The Hector Collectors – Remember the Hector Collectors? ..You Won’t Believe What They Sound Like Now!!!!!

There are some bands which truly are one of a kind and The Hector Collectors surely fit the bill and have so since the day they made their first inimitable steps back in the year 2000. Almost tinkering with a revival after their demise/hiatus around 2004, the Glasgow hailing mischiefs are back in full swing with new album, Remember the Hector Collectors? ..You Won’t Believe What They Sound Like Now!!!!!, an encounter which teases, flirts, and keenly pleasures ears in the band’s unique way.

Something akin to a blend of Television Personalities, The Freshies, and Half Man Half Biscuit, the quartet of vocalist A.J.Smith, guitarist I.D.Smith, bassist Joseph Greatorex, and drummer Gavin Dunbar have honed in on their poppiest instincts yet within Remember the Hector Collectors? though that creative dissonance which sets them apart still drives their lo fi revelry.

The album opens up with Drowning in Dorito Chips, rhythms immediately calling on attention before the track’s infectious stroll works on feet and imagination. Flirtatious keys add to the potent lure still led by those manipulative beats and the call of group vocals alongside A.J.’s magnetic lead. With a sniff of Josef K to its untamed pop, the song quickly and deviously got under the skin, establishing itself as surely the next single teaser for the album.

It Takes a Lot to Laugh, It Takes a 25 Minute Response Video to DESTROY your Argument follows with its own shade of the jangling goodness fuelling its predecessor; the song just as anthemic in its slightly more restrained but no less rascal of an incitement before Content Farm pokes at the appetite with its spikier pop punk antics with a mischievous wink at familiarity. There is a hint of bands like The Sums to the song and also within its successor, Bullies, another inherent indie pop soaked stroll which is pure pleasure courting nostalgia and modern DIY enterprise from within which a Top Buzzer whiff escapes. Featuring as a handful of tracks the featured keys of Dave Gillies, he one of a number of guests across the release including guitarist Cal Wiseman Murray, keyboardists Chris Elkin and Billy Samson, and backing vocalist Martin Smith,  the song like so many needs little help to captivate ears and a never too far from the surface smile.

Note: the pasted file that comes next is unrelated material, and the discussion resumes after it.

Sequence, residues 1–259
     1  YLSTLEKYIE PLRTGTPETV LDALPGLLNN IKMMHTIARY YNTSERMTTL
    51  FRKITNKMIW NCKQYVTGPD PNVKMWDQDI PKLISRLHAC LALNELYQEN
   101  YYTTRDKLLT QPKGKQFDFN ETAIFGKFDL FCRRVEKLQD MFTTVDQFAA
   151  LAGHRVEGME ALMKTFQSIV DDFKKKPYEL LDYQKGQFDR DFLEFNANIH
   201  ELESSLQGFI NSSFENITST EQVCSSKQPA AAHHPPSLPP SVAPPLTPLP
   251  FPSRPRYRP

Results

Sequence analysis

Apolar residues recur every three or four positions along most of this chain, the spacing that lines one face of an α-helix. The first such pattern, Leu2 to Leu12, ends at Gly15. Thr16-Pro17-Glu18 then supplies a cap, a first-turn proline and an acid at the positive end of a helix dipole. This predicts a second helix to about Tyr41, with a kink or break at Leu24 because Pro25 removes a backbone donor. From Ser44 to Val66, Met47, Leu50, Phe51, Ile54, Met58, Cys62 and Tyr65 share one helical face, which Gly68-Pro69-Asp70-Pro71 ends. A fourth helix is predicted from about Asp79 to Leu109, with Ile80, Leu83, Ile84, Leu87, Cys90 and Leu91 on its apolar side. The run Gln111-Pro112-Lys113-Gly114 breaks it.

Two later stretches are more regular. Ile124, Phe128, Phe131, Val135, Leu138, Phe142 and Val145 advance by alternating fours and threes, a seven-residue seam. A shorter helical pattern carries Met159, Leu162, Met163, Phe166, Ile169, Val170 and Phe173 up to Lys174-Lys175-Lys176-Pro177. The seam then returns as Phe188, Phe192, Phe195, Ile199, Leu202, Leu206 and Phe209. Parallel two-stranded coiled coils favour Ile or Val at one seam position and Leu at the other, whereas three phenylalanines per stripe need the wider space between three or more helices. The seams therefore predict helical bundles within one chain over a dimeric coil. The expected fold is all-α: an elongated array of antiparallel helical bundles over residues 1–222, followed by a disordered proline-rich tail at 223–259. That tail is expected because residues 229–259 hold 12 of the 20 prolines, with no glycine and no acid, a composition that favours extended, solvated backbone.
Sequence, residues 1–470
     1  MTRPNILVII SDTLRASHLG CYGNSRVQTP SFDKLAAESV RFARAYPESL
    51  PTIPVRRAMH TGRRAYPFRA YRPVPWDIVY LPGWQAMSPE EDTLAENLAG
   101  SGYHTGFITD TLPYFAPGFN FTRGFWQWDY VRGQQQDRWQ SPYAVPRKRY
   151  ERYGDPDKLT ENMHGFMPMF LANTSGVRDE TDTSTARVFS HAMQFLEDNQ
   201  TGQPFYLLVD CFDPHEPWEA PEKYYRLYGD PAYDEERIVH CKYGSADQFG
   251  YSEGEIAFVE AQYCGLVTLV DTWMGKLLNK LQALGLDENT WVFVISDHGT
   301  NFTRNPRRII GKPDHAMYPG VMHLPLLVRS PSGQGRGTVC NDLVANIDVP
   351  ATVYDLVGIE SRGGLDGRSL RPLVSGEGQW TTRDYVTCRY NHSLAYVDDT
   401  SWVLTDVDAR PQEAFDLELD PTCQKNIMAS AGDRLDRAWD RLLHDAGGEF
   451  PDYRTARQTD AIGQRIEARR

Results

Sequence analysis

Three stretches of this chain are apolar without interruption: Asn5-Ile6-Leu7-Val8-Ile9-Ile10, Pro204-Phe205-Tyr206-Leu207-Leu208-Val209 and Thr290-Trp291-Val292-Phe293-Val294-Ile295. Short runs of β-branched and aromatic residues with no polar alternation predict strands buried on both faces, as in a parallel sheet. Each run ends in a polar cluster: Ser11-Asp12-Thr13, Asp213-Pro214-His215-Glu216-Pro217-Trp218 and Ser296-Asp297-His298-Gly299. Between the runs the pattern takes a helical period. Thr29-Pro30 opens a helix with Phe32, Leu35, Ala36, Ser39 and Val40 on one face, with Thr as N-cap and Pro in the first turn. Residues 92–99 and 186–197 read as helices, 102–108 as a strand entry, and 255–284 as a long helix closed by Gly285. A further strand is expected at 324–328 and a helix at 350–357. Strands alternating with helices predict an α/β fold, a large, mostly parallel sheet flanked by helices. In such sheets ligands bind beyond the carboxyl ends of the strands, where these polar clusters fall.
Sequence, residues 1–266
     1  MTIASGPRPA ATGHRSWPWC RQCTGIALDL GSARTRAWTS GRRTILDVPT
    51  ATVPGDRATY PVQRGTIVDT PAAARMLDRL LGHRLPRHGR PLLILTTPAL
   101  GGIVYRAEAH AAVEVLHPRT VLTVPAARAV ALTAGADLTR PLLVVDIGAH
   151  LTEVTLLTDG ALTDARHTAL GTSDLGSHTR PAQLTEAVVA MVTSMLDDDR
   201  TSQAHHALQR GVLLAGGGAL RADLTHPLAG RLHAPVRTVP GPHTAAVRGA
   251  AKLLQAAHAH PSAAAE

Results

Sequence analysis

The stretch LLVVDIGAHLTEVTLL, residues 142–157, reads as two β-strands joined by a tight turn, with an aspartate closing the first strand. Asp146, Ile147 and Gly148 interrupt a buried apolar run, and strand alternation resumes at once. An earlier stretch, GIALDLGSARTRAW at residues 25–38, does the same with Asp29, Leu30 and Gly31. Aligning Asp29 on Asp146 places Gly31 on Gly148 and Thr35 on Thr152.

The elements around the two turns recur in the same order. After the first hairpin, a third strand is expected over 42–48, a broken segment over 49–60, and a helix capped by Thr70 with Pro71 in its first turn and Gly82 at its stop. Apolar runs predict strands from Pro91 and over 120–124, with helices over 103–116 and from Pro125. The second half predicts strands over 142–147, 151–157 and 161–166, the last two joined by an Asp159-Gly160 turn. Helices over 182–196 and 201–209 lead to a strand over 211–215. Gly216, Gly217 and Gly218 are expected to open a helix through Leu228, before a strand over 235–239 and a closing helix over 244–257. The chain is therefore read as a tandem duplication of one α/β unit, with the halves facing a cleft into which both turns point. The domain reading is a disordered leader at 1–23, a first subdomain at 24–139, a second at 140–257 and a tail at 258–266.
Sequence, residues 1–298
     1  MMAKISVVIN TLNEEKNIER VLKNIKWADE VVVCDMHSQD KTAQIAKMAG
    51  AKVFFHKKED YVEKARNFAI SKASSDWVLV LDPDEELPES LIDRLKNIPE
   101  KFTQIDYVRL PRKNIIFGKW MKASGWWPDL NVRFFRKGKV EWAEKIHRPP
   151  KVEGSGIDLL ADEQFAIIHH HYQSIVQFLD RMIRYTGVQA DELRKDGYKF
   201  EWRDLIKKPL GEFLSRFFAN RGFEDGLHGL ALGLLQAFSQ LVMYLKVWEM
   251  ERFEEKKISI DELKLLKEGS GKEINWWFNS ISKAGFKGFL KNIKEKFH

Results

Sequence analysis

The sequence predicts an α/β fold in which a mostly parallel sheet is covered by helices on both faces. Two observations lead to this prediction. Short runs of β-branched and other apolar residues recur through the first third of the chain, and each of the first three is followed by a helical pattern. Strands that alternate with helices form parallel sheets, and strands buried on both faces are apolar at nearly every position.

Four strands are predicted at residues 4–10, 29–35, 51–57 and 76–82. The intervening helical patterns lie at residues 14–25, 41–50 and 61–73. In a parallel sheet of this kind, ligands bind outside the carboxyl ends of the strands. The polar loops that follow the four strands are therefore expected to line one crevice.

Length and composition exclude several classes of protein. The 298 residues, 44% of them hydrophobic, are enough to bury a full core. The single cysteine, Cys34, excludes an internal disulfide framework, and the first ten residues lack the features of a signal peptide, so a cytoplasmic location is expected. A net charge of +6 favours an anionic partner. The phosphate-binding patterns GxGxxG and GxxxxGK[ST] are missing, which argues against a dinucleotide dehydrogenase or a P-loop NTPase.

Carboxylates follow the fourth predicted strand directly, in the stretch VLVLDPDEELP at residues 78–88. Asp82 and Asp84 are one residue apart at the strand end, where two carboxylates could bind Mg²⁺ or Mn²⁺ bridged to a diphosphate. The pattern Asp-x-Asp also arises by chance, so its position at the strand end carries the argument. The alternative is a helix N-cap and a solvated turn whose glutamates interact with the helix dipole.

The brief folkish medieval devilment of White Knight to F5 needed mere seconds to hook feet and lust, a success immediately repeated by next up Just Lovely, another incomplex pop jangle stocked with inescapable hooks and lo-fi misdemeanours recalling essences of bands such as Swell Maps and Fatal Microbes.

Across the pop ‘n’ roll of The Ad Hominem and the pop fray of Overton Window, band and album just accentuate their rich enticements, the first of the pair especially persuasive while Cognitive Dissonance eclipses both with its punk coated misbehaviour again hinting at the seventies and the antics of bands like O‘Level and Teenage Filmstars.

Edgelords provides a satisfying sing-along moment next, one proving very hard to resist within its melodic web with Abandoned Website following up its incitement with its own individual indie rural tinted jangle so easy to get involved with.

The album is completed by the outstanding Leeson Windfarm, a Scars hued encounter with espionage lined rhythms and intrigue loaded guitar. Vocally and lyrically, the song reflects on local and social observations, a regular spark to the band’s smart, playful words and those wicked song titles backed by similarly impish sounds.

As suggested at the start, The Hector Collectors is like few others, if any to be truthful, and as they re-energise their presence with new adventure in their sound that is not going to change any time soon, Remember the Hector Collectors? ..You Won’t Believe What They Sound Like Now!!!!! and its thickly enjoyable fun proof of that.

Remember the Hector Collectors? ..You Won’t Believe What They Sound Like Now!!!!! is out now; available digitally and on Ltd Ed vinyl @ https://thehectorcollectors.bandcamp.com/album/remember-the-hector-collectors-you-wont-believe-what-they-sound-like-now